When we are baptized into the body of Christ or when we accept Jesus as our Savior and Lord or we join PGUMC worshiping community as members, several life changing things happen. We make a covenant.
- We promise to serve and worship God, to resist evil, to proclaim the good news, to seek Christ in all persons, and to strive for justice.
We receive the Holy Spirit, which empowers us to keep our promises.
We also get to claim as our own the very same words that Jesus hears from God in heaven. “You are my beloved son, in you am I well pleased.”
- Incorporated into Christ’s body, we hear for ourselves God say to us, “You are my beloved daughter, my beloved son, and in you am I well pleased.”
In a way that we would never be able otherwise, those words become true for us and in us.
Martin Luther used to say, “Remember your baptism!” I realize that most of us have no memory of our baptism as we were baptized as infants
So how do you remember your baptism? What does that mean? It doesn’t mean remembering the physical, embodied moment in which you were baptized in water. It means remember who your baptism says you are.
I want you to imagine God, who made all things, who holds all things together by his mighty power, sits with you, looks directly into your eyes, and says, “I am proud of you. I see you for all that you are, for all that you have, for all that you’ve done, and for all that you ever will do. I’m so glad you’re my child. And I am proud of you.”
You know, as far as I can tell, I don’t know that you can ever get much past that.
- No matter what happens with you relationships, your work; no matter how many mistakes you’ve made, how much you have done that you aren’t proud of, how much you wish you could change.
No matter how many things you have, how much influence you exert, I don’t know that you can improve too much, when it is all said and done, on the very idea that there is a God and in baptism you get to know that God is proud of you.
God says in baptism. God repeats it every time we come to the altar. God never changes God’s mind. “You—you! —are my beloved daughter, you are my beloved son, and in you am I well pleased!”
In some ways, we are all looking for the blessing.
As a parent or grandparent, we have the opportunity to give our children or grandchildren the blessing. The way I do that is look them in the eyes, and with all the earnestness and sincerity I can muster, I say their full name and I remind them, “You are my beloved daughter, beloved son, and in you I am well-pleased.”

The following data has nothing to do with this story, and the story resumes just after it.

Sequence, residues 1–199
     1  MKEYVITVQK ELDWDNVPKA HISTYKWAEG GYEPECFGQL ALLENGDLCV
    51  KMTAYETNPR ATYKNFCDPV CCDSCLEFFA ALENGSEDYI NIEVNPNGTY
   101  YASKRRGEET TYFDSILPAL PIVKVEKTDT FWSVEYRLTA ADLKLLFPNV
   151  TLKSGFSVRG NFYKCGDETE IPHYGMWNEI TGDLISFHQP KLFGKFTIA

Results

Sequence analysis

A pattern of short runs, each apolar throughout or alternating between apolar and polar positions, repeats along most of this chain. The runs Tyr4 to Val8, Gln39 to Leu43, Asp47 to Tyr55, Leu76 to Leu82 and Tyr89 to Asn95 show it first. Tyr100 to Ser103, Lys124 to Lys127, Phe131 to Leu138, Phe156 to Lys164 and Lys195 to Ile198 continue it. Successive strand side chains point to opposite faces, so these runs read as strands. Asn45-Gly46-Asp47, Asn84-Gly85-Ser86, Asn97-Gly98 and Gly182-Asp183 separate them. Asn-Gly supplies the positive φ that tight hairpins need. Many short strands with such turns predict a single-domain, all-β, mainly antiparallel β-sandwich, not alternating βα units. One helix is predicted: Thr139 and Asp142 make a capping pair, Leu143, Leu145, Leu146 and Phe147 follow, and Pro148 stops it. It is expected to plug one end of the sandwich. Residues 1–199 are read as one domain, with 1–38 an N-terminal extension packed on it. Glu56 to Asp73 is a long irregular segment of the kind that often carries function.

It is the blessing God the Father gave to Jesus Christ, and it is the blessing that God gives to each baptized Christian.
Jesus’s baptism also marked the beginning of his ministry. And our baptism is also an ordination of sorts. We make vows to serve God and God’s world with love and justice.
Do you know what happens after Jesus’s baptism?
- It’s the verses immediately after our Gospel reading.
Jesus is lead into the wilderness by the Spirit to be tempted by Satan.
Our vocation as baptized Christians won’t be easy either. As we seek to establish God’s justice and peace on earth, we will battle the demons of hatred, racism, sexism, ignorance, oppression, all of which seem to gather more steam every time we open our newspapers or look on line to social media.
- But Jesus has been out there before, with the wild beasts. The angels were there, too, ministering to him.
And we won’t be alone either, as we go to the wilderness to fight for God’s righteousness.
So, I wonder what would happen if we all started remembering our baptism. Maybe if the words, “You are my beloved child, and in you am I well pleased,” took hold, we would find the self-love to love God for God’s sake and love our neighbor as ourselves.
- Maybe then the glory of the Lord would shine forth.
- Maybe God’s justice would cover the earth as the waters cover the sea.
Maybe then we will see Epiphany.
Today, as we each renew the vows we made at our baptism, let us recommit ourselves to living into those sacred promises.
- Let us repent of our own failure to follow in the way of love and rededicate ourselves to becoming Christ to the world.
- We have been given a sacred calling…all of us members of the priesthood of believers…..the disciples of Christ.
Let us not be afraid to proclaim the Gospel message of love in our words and our actions and may the Holy Spirit pouring down upon us from God the Father give us the grace and the strength to be the lights of Christ in our generation.
Page 50 of the UMH
 Rev. Matthew Larsen, Christ Church, New Haven Connecticut. January 7, 2018
 Rev. Tim Wolfe Edgebrook Community Church January 12, 2020